Given how competitive the airline industry is these days, aircraft fuel economy is a major concern for airlines. Typically, you want the aircraft with the best fuel efficiency per seat. There are a lot of factors that go into determining the best aircraft for a route, however, as passenger demand, distance, and even airport altitude can be part of the equation.

The fact of the matter is that the A220 outperforms the Boeing 737MAX7 significantly for flights of 750 miles or less. We’re talking nearly 20% fuel savings per seat. The difference between the A220-300 and the 737MAX8 is much less, but the Airbus still wins.

For longer flights of up to 1,150 miles, the A220-300 is still the winner. The aircraft can certainly fly much further, even across the country if needed. But it would be a great option for Southwest on shorter flights.

Cabin Arrangement and Comfort

Southwest’s unique free-for-all boarding process is something people seem to either love or hate. Window and aisle seats get picked up the quickest, leaving middles for the poor souls who have high B or C boarding numbers.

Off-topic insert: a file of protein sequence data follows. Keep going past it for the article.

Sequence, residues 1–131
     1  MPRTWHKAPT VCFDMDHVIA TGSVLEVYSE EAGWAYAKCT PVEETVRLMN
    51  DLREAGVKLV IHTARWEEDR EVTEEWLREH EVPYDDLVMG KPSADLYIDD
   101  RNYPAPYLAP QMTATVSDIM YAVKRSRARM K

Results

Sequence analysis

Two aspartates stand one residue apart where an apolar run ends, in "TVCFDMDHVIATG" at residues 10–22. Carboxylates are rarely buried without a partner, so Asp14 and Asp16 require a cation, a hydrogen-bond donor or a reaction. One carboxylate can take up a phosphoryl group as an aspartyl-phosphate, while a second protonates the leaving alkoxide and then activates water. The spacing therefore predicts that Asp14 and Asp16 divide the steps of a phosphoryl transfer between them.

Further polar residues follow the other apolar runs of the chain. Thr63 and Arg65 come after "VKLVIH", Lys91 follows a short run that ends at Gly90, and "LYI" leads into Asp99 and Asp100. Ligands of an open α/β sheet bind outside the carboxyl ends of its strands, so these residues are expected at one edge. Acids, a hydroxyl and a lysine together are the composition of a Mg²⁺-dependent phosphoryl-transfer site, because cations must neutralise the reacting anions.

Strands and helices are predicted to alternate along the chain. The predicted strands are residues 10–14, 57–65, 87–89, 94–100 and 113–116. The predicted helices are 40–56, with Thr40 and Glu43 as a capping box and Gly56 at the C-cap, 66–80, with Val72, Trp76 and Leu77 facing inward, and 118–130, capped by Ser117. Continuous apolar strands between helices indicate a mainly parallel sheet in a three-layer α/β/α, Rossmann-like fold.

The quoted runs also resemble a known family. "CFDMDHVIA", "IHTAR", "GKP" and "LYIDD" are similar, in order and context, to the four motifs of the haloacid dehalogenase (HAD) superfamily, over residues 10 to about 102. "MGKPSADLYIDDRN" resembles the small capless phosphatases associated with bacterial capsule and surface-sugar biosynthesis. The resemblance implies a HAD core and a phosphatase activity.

An upside to operating the Airbus A220 is that is offers a 2-3 cabin layout, resulting in far fewer middle seats. This would be a major plus to the overall passenger experience, as both single travelers and travelers with a companion will prefer the pairs of seats.

I’d absolutely pick a 2-3 cabin layout over a 3-3 Boeing 737 layout, pretty much everything else being equal. And given that pretty much everything else is equal with Southwest, the A220 is a better choice from a passenger perspective.

Security in the Event of Crisis

Having all your eggs in one basket is great. Until it’s not. With the 737MAX crisis barely in the rear view mirror (or maybe not…after this year it feels like ancient history), there are certainly reasons why you might want to expand beyond a single aircraft type. If there are significant issues, a large portion of your fleet could be grounded. This would be disastrous for an airline.